Welcome to the Java Programming Forums

The professional, friendly Java community. 21,500 members and growing!

The Java Programming Forums are a community of Java programmers from all around the World. Our members have a wide range of skills and they all have one thing in common: A passion to learn and code Java. We invite beginner Java programmers right through to Java professionals to post here and share your knowledge. Become a part of the community, help others, expand your knowledge of Java and enjoy talking with like minded people. Registration is quick and best of all free. We look forward to meeting you.

>> REGISTER NOW TO START POSTING

1. Fibonacci Spiral Help?

I'm trying to write a Java program that will display the Fibonacci Spiral as shown here . For right now, I just have it printing the starting coordinates of the rectangle that's being drawn, along with its length. There's nothing wrong with my program, except for a little array problem that I can fix, but I think there is a fundamental flaw in my thinking for this program. Can someone take a look at my code below and see why it does not work?
*Note: This is a school project, so I don't want too much help telling me what I should do, I just need help telling me what I shouldn't have done and why.
Thanks!

```public class FibSpiralPanel extends JPanel{

public void paintComponent(Graphics g){
super.paintComponent(g);

int xCenter = getWidth()/2;
int yCenter = getHeight()/2;
int x=0, number, nextNumber = 0, count;
int[] xStart = {0,0,0,0,0,0,0,0}, yStart={0,0,0,0,0,0,0,0};

xStart[0] = xCenter;
yStart[0] = yCenter;

for(x=1; x<5; x++){
number = (int)Fibonacci.getFibonacci(x);  //Get the length of the square.

if(x%4 == 0){
xStart[x] = xStart[x-1] - number;
yStart[x] = yStart[x-1];
}

else if(x%3==0){
xStart[x] = xStart[x-3];
yStart[x] = yStart[x-3] - number;
}

else if(x%2 ==0){
xStart[x] = xStart[x-2] + number;
yStart[x] = yStart[x-2];
}

else{
xStart[x] = xStart[x-1];
yStart[x] = yStart[x-1] + number;

}
System.out.println("Fibonacci "+x+" is "+number);
System.out.println("xStart: "+xStart[x]+"\nyStart: "+yStart[x]);
}
}
}```

2. Re: Fibonacci Spiral Help?

Inspect the way the code determines the location of a Fibonacci square (eg the uses of modulus). My understanding is that the squares are repetitive in fours, and so checking the remainder from dividing by 4 may be more appropriate. Also, I assume the getFibonacci method returns the value at position x in the series? Because that code isn't listed I'll just comment that this is in the loop of a drawing routine so it should be fast (precalculated)

3. Re: Fibonacci Spiral Help?

Calculating Fibonacci can be fast... O(n) with O(1) memory space

It might be easier to work with the corners rather than the centers because they are always aligned by at least one axis (either x or y), so there's no need to calculate offsets between different centers. Maybe stick to the top-left corner? Also, in your modulus section, you don't want to modulate with different numbers, but rather with 4 all the time and check to see what the remainder value is.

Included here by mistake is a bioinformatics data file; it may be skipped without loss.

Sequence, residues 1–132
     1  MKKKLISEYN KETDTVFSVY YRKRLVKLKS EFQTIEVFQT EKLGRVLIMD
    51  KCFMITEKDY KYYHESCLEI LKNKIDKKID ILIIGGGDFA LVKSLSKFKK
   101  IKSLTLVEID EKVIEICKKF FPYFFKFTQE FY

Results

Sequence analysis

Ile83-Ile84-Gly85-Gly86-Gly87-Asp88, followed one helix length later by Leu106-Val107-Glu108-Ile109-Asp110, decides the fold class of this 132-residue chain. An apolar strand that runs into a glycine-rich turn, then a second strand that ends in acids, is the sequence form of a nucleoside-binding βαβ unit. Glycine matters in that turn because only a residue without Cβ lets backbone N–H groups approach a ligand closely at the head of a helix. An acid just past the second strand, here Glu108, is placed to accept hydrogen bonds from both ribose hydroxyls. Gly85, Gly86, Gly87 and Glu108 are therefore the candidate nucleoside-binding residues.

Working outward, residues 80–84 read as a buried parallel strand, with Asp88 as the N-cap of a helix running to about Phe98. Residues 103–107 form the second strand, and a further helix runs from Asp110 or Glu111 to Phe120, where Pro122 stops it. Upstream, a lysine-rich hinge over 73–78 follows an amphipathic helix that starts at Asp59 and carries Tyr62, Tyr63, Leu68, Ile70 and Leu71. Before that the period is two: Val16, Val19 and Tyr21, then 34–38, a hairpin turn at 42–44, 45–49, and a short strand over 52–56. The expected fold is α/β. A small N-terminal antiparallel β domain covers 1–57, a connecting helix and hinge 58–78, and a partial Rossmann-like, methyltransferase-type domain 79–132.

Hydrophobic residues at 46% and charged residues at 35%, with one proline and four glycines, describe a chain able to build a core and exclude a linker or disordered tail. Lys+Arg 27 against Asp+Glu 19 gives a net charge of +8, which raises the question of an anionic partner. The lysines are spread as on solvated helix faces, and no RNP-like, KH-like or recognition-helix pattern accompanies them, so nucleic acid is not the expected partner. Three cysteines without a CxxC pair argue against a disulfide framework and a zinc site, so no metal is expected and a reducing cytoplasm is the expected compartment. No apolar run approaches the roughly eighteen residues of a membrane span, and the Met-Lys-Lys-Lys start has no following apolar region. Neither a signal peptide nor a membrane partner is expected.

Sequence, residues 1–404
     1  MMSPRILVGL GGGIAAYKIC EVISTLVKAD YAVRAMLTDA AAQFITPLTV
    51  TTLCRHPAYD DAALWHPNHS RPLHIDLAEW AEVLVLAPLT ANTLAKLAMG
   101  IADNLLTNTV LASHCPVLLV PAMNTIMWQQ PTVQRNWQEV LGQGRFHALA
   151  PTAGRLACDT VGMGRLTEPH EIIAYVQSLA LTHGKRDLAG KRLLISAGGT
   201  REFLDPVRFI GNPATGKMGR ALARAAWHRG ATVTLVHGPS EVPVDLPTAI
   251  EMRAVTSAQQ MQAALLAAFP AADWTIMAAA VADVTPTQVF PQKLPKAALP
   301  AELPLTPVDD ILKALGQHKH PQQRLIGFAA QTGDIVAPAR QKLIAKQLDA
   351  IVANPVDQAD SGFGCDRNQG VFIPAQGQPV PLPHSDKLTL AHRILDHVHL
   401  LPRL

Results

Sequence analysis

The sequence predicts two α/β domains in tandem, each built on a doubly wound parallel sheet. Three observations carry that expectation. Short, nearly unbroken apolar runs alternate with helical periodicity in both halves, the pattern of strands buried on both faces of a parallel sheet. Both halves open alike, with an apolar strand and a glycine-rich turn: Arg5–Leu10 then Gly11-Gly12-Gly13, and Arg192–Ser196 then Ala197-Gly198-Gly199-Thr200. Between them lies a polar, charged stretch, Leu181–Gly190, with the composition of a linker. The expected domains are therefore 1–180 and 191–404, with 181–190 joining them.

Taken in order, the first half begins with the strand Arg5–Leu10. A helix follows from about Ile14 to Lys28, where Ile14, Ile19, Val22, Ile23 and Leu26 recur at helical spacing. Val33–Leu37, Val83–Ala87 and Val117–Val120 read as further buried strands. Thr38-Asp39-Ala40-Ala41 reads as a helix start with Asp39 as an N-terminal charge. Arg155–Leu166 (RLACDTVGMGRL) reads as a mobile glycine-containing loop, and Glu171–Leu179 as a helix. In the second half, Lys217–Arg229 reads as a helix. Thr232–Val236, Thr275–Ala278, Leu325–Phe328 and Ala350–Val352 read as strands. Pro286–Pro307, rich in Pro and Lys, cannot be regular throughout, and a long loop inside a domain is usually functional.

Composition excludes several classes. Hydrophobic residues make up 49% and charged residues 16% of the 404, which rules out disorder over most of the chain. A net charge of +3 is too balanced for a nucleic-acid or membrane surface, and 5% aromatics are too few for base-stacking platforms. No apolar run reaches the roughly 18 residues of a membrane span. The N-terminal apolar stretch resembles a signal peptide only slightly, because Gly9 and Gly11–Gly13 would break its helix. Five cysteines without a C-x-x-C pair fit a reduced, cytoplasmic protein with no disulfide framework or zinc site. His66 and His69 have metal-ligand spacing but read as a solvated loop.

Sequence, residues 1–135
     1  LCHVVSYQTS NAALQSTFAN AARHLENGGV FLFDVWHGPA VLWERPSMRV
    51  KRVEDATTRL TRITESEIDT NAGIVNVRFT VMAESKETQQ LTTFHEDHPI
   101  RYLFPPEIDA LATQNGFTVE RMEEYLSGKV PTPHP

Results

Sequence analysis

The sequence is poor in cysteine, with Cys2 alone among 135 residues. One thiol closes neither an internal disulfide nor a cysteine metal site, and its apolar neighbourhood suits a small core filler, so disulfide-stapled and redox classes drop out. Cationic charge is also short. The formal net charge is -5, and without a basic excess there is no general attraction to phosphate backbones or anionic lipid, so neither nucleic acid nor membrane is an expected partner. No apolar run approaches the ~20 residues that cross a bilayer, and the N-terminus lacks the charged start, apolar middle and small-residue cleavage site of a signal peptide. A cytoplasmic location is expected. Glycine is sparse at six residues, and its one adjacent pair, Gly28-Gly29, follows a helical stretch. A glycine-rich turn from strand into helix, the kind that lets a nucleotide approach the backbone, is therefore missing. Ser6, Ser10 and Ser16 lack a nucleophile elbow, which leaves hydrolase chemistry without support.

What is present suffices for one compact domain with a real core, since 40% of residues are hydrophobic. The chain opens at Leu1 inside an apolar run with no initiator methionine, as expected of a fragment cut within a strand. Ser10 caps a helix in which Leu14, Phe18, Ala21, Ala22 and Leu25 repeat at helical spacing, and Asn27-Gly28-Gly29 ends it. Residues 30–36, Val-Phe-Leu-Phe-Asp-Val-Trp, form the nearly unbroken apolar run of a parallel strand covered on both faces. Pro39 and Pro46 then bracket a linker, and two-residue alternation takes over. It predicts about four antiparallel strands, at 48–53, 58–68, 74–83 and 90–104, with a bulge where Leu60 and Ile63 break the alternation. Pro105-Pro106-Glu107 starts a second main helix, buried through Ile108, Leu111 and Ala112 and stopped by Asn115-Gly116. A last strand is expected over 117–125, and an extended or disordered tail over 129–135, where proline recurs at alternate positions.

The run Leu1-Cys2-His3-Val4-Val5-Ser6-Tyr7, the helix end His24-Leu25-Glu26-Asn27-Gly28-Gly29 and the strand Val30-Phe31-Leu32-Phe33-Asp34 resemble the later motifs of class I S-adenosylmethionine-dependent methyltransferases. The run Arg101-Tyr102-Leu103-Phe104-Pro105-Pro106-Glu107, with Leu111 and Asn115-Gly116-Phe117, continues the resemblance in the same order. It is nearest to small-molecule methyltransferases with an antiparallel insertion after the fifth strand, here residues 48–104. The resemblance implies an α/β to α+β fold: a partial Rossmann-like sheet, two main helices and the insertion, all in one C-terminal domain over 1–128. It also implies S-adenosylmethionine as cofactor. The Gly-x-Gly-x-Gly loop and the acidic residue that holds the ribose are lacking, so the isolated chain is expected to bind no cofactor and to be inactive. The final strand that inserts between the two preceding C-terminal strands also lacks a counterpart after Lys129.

```for(int x = 1; x < 5; x++)
{
if (x % 4 == 0)
{ }
else if (x % 4 == 1)
{ }
else if (x % 4 == 2)
{ }
else if (x % 4 == 3)
{ }
}```

4. Re: Fibonacci Spiral Help?

Originally Posted by helloworld922
Calculating Fibonacci can be fast... O(n) with O(1) memory space
I dislike big O notation, mainly because I stink at calculating it ...but do that in a loop it becomes something like O(n*n) (I know I know, we're talking a loop of five here though )

I'll second Helloworld's advice on working with corners, especially if you plan to do the drawing using g.drawArc(...)

5. Re: Fibonacci Spiral Help?

```public static int fib(int n)
{
if (n < 3)
{
return 1;
}
int num1 = 1, num2 = 1;
for (int i = 3; i < n; i++)
{
int temp = num1 + num2;
num1 = num2;
num2 = temp;
}
return num2;
}```

In a loop, still O(n) time. True dat it's only a loop of 5, but it's still nice to be efficient

6. Re: Fibonacci Spiral Help?

Originally Posted by helloworld922
In a loop, still O(n) time. True dat it's only a loop of 5, but it's still nice to be efficient
Sorry, I meant to calculate the series over and over again in a loop. For example (using your fib example function)

```int n = 5;
for ( int i = 0; i < n; i++ ){
int fib = fib(i);
}```
As the loop goes through, it recalculates the previously calculated fibonacci values, doing so in a drawing routine which may be called often. Of course, for 5 its not a big deal, but larger values the computation time starts to pile up

This is as opposed to previously computing the series up to n, then accessing these as needed

```/**
*Returns an array containing the Fibonacci sequence up to n in the series
*/
public static int[] fib(int n)
{
int fib[] = new int[n];
if (n < 3)
{

fib[0] = 1;
if ( n == 2 )
fib[1] = 1;
}
for (int i = 3; i < n; i++)
{
fib[i] = fib[i-1] + fib[i-2];
}
return fib;
}

int fib[] = fib(n);//even better to do this upon construction or whenever the value of n is set
for ( int i = 0; i < n; i++ ){
int num = fib[i];
///do the calculations and drawing
}```